My father, my brother and I found the graves of some of our relatives there, including my grandfather's sisters Julia and Obdulia. We also discovered that, in contract with the situtation in the US, the graves are only occuplied for so long. The bones are then removed to a common ossuary (I don't know the location) and, I suppose, the graves are reused. A little further to the right is a pasture with cattle that overlooks (and provides a good view of) part of Piedras Blancas.

I have some photos of the church, the three altars within it, and the window that I will look for, scan and ask Art to post on the website.
I think that the name Laspra is related to the name of a kind of stone that exists in the area. Perhaps one of our asturianu/a members can confirm this.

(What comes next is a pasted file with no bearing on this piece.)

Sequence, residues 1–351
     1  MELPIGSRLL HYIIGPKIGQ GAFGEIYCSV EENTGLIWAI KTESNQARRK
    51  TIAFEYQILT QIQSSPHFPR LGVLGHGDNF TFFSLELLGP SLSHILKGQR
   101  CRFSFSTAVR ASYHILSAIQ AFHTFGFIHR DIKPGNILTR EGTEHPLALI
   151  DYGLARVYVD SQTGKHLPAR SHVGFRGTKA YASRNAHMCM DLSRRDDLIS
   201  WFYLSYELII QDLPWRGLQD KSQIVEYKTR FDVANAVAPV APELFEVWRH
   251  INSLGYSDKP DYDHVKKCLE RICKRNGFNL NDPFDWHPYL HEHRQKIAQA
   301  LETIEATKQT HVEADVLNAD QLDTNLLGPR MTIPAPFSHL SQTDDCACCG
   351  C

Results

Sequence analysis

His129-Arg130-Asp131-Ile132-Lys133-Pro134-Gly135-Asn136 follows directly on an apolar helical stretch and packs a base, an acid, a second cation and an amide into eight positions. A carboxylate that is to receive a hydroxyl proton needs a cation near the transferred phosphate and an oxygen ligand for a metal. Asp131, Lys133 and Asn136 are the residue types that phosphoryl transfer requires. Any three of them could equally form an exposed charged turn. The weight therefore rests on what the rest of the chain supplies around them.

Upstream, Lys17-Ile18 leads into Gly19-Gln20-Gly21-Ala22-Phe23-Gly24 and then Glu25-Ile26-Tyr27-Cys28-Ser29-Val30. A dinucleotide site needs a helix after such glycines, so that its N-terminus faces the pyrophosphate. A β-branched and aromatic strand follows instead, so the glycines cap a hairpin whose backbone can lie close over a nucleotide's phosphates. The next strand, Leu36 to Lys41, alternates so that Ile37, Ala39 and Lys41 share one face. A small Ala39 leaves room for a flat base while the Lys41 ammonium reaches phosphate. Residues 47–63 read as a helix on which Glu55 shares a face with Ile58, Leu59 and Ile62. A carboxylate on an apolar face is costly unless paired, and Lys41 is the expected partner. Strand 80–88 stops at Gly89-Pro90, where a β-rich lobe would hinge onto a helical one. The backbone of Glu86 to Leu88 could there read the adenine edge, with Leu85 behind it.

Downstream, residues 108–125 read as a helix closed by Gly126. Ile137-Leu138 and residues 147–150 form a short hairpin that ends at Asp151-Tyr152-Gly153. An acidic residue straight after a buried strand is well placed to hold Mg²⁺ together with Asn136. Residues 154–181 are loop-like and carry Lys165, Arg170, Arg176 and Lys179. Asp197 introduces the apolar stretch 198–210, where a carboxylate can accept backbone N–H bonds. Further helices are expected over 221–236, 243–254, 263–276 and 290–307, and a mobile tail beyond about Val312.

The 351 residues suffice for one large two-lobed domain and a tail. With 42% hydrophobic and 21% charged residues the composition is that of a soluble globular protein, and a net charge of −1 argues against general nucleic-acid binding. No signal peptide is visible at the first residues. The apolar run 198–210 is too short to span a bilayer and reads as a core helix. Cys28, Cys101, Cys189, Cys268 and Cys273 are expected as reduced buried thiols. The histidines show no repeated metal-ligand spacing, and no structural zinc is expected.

Bob Martinez
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Rexistrau: 17 Feb 2003
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MensaxePublicao: Dom Xun 29, 2003 11:14 pm    Asuntu: Responder citando

Bob's probably right that the Romanesque and Pre-Romanesque are mostly architectural terms, although I'm pretty sure that there were also other typical forms of art and music.

I should warn you that I'm not an expert on the following, but here goes....

Romanico / Romanesque